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An instructive case study report of electrolyte and acid-base disturbance
Summarized from Alabi F, Alabi C, Basso R et al. Multiple electrolyte imbalances and mixed acid-base disorder posing a diagnostic dilemma. J Medical Case Reports 2020; 14: 15
As this case study report nicely demonstrates, alcohol abuse can result in a range of blood chemistry abnormalities, including acute electrolyte and acid-base disturbances. Initially, the patient who is the subject of this case study denied alcohol use, so many alternative explanations for the abnormal laboratory results she presented with had to be considered before she finally admitted excessive use of alcohol. This challenging aspect of the case is well conveyed in the report.
The case concerns a 28-year-old women who was brought to the hospital emergency department by relatives – whom she was visiting – after she suddenly felt ill while waiting with them in line for a theme park ride. Her main complaints were sudden onset of stiffness and weakness in her limbs and lack of sensation and loss of mobility in her left leg. Additionally, she felt short of breath on minimal exertion, was sweating excessively and experienced feeling of anxiety. Clinical examination was unremarkable, save signs of dehydration (dry mucous membranes); her vital signs were normal, save a marked increase in heart rate (tachycardia) to 150 bpm.
Apart from a diagnosis of hypothyroidism at age 10, which was being treated with daily thyroxine, she reported being healthy all her life, although she did mention two previous episodes similar to what she was now suffering during the past 7 months. These had resolved without medical intervention after 2 hours of rest and hydration. She denied having headache, muscle pain, or recent episodes of vomiting/diarrhea. She also denied smoking, use of recreational drugs, laxatives or alcohol.
Laboratory testing at the time of admission revealed the following results:
- Sodium (Na+) 139 mmol/L (normal)
- Potassium (K+) 2.3 mmol/L (reduced, hypokalemia)
- Chloride (Cl-) 81 mmol/L (reduced, hypochloremia)
- Magnesium (Mg+) 1.2 mg/dL, 0.49 mmol/L (reduced, hypomagnesemia)
- Calcium (Ca2+) 8.8 mg/dL, 2.2 mmol/L (low normal)
- pH 7.48 (increased alkalemia)
- pCO2 36 mmHg, 4.8 kPa (normal)
- Bicarbonate (HCO3-) 27 mmol/L (high normal)
- Lactate 12.9 mmol/L markedly increased (severe hyperlactatemia)
- Calculated anion gap 31 mmol/L elevated (increased anion gap)
- Creatinine 1.2 mg/dL, 106 µmol/L (raised for patient – her recorded baseline creatinine ~0.5 mg/dL, 45 µmol/L)
- eGFR 68 mL/min (interpreted as sign of acute kidney injury (AKI))
- Alanine aminotransferase (ALT) 53 U/L (normal)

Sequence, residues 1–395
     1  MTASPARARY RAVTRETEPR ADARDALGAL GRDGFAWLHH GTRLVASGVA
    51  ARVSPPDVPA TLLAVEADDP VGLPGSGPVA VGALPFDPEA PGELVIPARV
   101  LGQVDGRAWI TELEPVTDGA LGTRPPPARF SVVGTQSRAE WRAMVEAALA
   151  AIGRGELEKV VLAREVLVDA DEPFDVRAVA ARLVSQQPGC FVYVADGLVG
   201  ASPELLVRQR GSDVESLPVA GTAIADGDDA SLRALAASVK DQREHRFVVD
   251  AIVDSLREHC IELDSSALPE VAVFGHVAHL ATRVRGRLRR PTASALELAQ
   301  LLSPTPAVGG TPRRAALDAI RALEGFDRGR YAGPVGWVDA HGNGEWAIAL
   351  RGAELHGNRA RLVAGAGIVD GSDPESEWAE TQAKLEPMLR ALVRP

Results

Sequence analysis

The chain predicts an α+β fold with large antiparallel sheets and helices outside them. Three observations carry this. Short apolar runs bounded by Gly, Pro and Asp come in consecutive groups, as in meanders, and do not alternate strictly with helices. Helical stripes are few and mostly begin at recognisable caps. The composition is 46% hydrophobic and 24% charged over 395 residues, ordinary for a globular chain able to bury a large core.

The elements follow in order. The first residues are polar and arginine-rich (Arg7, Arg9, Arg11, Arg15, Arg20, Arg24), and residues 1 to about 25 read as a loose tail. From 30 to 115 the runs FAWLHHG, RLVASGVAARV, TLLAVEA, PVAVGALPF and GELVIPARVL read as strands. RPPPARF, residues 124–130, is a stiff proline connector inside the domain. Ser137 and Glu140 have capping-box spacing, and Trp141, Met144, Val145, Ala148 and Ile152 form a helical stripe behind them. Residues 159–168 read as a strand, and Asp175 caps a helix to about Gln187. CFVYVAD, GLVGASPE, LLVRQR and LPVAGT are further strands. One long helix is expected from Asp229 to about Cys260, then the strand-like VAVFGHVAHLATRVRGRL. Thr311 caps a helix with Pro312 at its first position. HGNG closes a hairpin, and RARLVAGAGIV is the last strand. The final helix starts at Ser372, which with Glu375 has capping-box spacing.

- Aspartate aminotransferase (AST) 113 (increased)
- AST/ALT ratio 2.1 (increased – high ratio)
- Abnormal red cell indices MCV 107 fL; (macrocytosis)
- Ethanol <10 mg/dL (no evidence of recent alcohol intake)
- Urinalysis (dipstick testing) – Positive bacteria (3+) Positive white cells (3+) Urine tract infection
Immediate treatment in ER comprised adenosine injection for possible supraventricular tachycardia, crystalloid boluses (fluid replacement) along with magnesium and potassium supplements. When electrolytes were checked, 4 hours after treatment, magnesium had normalized but potassium had dropped further from 2.3 to 1.8 mmol/L despite K+ supplementation.
The severe hypokalemia and suspicion of possible sepsis (raised lactate along with urine tract infection) prompted admission to intensive care. Here, she was treated with iv antibiotics and further electrolyte replacement.
Within 28 hours of ICU admission, electrolytes had all normalized but the underlying cause of lady’s symptoms and electrolyte/acid-base disturbance remained a mystery. The combination of high anion gap and raised lactate indicated metabolic acidosis but since pH was increased, indicating alkalosis, it was clear at this time that she had suffered a mixed acid-base disorder (metabolic acidosis and alkalosis).
The finding of raised AST/ALT ratio suggested alcoholic liver injury. Other test results including macrocytosis (MCV 107 fL), raised bilirubin (3.8 mg/dL, 65 µmol/L), raised gamma-glutamyl transferase (𝛾-GT) (380 U/L), increased prothrombin time (15.8 sec) and reduced albumin (30/g/L) were consistent with liver dysfunction. These results prompted clinicians to ask the patient again about her previous alcohol use/abuse. Once again, the patient vehemently denied alcohol use. But in the absence of her relatives she eventually admitted alcohol intoxication and “hangover” symptoms 2 days prior to emergency room admission. She also disclosed that she had suffered 10 episodes of vomiting the day before admission.
A diagnosis of electrolyte disorders with lactic acidosis secondary to alcohol intake was made. She was discharged in good condition the next day with the advice to refrain from alcohol use. At 1 month follow-up the lady remained symptom-free.
In wide-ranging discussion of their case report, the authors outline first the various diagnoses, other than alcohol intoxication, that were considered, and the rationale for their exclusion. They also explain how all the symptoms and abnormal laboratory results that the lady presented with can be related to the alcohol abuse and associated acute vomiting episodes that she finally disclosed. Topics considered in the discussion include: pathogenesis of lactic (metabolic acidosis) in alcohol abuse and the pathogenesis of metabolic alkalosis and respiratory alkalosis in alcohol abuse. They provide mechanistic explanations for each of the electrolyte disturbances (hypokalemia, hypomagnesemia, hypophosphatemia, hypocalcemia) that the patient presented with, in terms of her alcohol abuse.
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